Spanish Prime Minister Jose Luis Rodriguez Zapatero has defended his use of the military to break a strike by air traffic controllers.
Emergency measures had been "essential to correct a disastrous situation", the Socialist PM told parliament.
He criticised the "stubborn attitude" of the strikers, who were protesting over their hours and benefits.
Legal action against the controllers ran into opposition on Thursday when 12 of them rejected a summons.
The 12 controllers - the first to face questioning - refused to testify before prosecutors, arguing that the investigation should be handled by a military court following the government's use of emergency measures.
The emergency took effect on Saturday and is to last at least 15 days.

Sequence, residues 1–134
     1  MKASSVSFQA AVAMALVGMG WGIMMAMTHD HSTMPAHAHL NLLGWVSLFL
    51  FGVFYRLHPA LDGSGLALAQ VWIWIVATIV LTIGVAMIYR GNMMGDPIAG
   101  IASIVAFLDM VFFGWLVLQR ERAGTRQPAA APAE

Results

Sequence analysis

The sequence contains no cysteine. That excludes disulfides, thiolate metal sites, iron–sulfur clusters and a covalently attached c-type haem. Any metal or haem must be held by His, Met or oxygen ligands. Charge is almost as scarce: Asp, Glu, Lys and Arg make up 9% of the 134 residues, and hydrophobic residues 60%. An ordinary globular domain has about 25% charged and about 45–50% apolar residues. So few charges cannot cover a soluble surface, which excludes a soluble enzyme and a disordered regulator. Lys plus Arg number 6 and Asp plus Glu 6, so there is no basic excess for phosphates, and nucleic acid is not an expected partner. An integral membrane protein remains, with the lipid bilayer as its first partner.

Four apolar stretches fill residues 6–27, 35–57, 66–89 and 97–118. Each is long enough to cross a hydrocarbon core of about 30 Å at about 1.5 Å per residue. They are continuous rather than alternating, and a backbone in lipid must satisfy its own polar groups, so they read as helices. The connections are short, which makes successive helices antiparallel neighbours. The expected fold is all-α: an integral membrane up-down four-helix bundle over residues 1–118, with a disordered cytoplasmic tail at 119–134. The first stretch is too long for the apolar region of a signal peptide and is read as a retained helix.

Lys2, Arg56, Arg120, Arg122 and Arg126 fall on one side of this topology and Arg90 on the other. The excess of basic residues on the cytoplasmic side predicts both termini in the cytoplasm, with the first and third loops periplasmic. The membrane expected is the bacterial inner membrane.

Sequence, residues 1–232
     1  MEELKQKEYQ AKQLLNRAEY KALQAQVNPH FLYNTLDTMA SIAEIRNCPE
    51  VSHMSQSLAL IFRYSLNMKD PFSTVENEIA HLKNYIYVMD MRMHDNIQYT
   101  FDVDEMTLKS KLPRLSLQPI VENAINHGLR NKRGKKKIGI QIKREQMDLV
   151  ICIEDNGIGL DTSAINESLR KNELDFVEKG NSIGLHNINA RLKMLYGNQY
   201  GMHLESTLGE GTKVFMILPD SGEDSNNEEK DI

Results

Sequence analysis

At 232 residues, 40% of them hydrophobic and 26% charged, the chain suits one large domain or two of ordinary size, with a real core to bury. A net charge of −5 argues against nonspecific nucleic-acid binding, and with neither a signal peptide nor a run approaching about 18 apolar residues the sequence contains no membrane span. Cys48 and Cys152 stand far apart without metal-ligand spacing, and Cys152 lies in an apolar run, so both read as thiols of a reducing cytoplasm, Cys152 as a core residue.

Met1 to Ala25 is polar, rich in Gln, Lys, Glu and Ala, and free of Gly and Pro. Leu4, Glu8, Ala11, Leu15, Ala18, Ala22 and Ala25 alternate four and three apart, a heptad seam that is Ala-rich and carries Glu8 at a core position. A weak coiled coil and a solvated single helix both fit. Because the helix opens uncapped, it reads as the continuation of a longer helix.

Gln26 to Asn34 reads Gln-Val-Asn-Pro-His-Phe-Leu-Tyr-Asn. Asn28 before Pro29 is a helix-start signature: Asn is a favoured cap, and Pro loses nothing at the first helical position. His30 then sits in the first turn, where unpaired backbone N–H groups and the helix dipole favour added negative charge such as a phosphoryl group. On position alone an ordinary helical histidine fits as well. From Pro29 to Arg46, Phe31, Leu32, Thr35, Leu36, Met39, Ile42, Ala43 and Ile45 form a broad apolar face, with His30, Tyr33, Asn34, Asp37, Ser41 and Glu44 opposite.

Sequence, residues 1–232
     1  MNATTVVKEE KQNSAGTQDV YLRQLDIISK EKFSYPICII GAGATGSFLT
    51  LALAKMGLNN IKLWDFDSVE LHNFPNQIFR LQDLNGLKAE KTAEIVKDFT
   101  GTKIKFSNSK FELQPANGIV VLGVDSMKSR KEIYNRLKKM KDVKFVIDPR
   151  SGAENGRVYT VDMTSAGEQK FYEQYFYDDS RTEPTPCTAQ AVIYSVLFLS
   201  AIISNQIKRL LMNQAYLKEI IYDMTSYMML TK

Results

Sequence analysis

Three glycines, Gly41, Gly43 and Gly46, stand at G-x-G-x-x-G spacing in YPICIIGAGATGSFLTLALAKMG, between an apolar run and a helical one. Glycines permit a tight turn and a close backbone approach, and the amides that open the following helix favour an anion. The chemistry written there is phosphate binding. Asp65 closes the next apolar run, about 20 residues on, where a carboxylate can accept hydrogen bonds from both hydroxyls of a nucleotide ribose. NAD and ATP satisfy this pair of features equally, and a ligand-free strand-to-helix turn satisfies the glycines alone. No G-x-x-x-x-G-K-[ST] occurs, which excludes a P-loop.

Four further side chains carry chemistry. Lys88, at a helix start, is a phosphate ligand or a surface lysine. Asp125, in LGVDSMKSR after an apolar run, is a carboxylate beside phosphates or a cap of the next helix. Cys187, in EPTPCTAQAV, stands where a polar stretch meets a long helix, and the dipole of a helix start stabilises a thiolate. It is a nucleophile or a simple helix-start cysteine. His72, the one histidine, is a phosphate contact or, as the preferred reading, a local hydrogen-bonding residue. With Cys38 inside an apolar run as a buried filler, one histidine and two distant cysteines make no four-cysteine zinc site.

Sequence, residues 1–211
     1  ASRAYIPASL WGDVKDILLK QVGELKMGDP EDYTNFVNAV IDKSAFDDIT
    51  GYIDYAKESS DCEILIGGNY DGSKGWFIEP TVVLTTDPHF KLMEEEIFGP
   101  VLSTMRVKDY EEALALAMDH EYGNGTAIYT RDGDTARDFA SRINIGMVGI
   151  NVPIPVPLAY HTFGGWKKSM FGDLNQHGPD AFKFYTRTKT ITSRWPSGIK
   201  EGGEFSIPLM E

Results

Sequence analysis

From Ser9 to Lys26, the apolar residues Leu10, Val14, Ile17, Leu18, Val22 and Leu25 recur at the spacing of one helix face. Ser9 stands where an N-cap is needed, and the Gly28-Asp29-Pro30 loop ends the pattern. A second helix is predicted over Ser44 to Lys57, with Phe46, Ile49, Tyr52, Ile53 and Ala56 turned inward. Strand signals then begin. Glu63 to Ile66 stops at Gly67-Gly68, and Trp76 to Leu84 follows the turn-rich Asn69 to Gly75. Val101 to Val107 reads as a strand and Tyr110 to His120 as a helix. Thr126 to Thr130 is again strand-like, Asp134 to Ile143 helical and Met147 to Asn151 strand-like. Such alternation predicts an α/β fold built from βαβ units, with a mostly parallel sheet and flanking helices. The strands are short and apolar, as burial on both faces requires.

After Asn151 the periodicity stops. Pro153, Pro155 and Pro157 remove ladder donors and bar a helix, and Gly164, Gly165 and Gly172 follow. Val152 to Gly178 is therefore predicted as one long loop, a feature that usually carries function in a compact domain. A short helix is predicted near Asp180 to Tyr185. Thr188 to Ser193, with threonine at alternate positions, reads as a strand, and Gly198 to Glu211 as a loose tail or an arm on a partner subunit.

Facing the threat of prison sentences, strikers began returning to work after the emergency was declared.
Hundreds of flights had been cancelled during the strike, which began on Friday afternoon at the beginning of one of Spain's busiest holiday weekends and affected hundreds of thousands of travellers.
"No-one, neither individually nor collectively, can take the citizens as a whole as hostages to their claims," Mr Zapatero said.
"The government will not hesitate to use, without ignoring the requirements of proportionality, all the instruments of rule of law to end situations such as the one we experienced at the weekend."
He said that 190 air force officials had been deployed to Spain's air traffic control towers and more than 2,000 police dispatched to airports to boost security for passengers.
"It is no exaggeration to say that the situation was in open conflict with the rule of law and involved a constitutional affront to public order," Mr Zapatero said.
"As such, it had to be dealt with."